President Coleman responds to questions from Michigan House Subcommittee on Higher Education

March 2, 2011

The Honorable Bob Genetski
State Representative
Post Office Box 30014
Lansing, Michigan 48909-7514

Dear Representative Genetski:

I am taking this opportunity to provide you with this written response to the questions posed in your letter from last week.

1. Beginning with total FY 2010-11 university appropriations minus the reductions in the governor’s FY 2011-12 budget, if a funding formula were designed for all 15 universities with the remaining funds, what should that formula look like? Please address the following considerations: How would the formula be fair to TAXPAYERS, fair to all university students in Michigan, fair to what your students/graduates will contribute to the Michigan economy through a viable major that will compete for a real job in the student’s area of study, fair based on the number of students, and fair to your institution?

Michigan’s 15 public universities play unique roles; each fills a specific and important niche. Together they comprise a broad set of institutions that can be responsive to the State’s diverse needs. That is why the question’s emphasis on fairness is so appropriate. Funding formulas do not fairly address the key differences between these institutions.

Consider the breadth of activities at a research-intensive institution like the University of Michigan. In addition to the excellent programs we offer for our 27,000 undergraduates and 15,000 graduate students, our scope encompasses such activities as:

  • Professional education, including a medical and dental school
  • A comprehensive academic medical center providing both patient care and research
  • A substantive institutional investment in research, including the life sciences
  • A critical mass of respected faculty, clinical researchers, and state-of-the art laboratories
  • Significant expenditures from grants and contracts for research
  • Expansive library holdings and museum collections
  • A physical plant sufficient to support a wide range of activities

These activities are expensive, but they are appropriate to the University’s size and strengths, and they enhance the educational experience of our undergraduates. Yet they are sufficiently unique to an intensive research university that they could not be adequately captured in a formula meant to fund all fifteen state institutions. Nor, conversely, would other institutions be treated fairly by a formula designed for research universities. This is well-illustrated by the last attempt at constructing a formula funding model by the legislature: Even after drafting a formula specific to the state’s three research universities, additional caps and adjustments had to made because the volume of research differed so widely between U-M, MSU, and Wayne State. In the end, the effort did not succeed.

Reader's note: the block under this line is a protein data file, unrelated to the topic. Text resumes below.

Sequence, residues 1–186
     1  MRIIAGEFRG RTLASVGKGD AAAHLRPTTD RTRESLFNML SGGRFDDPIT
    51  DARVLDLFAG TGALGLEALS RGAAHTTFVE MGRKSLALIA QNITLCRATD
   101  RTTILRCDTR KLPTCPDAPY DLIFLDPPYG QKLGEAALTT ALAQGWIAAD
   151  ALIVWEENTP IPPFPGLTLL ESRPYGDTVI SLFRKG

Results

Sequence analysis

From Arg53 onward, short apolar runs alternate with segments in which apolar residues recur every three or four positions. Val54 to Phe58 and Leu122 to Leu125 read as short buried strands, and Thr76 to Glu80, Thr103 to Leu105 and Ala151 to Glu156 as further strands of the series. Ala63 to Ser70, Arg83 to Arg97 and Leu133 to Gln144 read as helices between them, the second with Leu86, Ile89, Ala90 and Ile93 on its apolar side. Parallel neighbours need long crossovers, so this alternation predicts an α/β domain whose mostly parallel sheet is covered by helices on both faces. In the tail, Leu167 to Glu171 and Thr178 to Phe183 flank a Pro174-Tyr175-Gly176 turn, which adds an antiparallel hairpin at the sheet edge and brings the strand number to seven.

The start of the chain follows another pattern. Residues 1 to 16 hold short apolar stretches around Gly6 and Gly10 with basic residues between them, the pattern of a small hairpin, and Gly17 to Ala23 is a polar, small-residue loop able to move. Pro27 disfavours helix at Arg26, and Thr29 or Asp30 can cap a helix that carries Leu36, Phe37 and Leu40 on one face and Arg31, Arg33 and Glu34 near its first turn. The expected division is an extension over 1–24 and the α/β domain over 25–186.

A fair formula is one that recognizes the contributions the University makes to the State of Michigan, and honors the substantial investments the people of Michigan have already made to U-M’s excellence. U-M is one of the top public institutions in the United States, its school and colleges are routinely ranked in the top ten in the country by many independent organizations. It is globally recognized for its excellence in balancing its dual roles as a preeminent research university and a top-ranked undergraduate institution. As an internationally-renowned research institution, the University of Michigan attracts over $1 billion in federal and other research dollars, as well as top faculty and graduate student scholars in disciplines across the campus. But the University is also recognized as one of the leaders in undergraduate education and is highly ranked on many measures of undergraduate quality. Its programs of study prepare students for a variety of valuable contributions to the State, nation, and world, including the arts, education, business, health professions, engineering, and other high-tech fields which will lead the way in Michigan’s new economy.

2. What exact and specific functions at your institution have been privatized? What are the estimated annual savings amounts from privatizing each of those functions?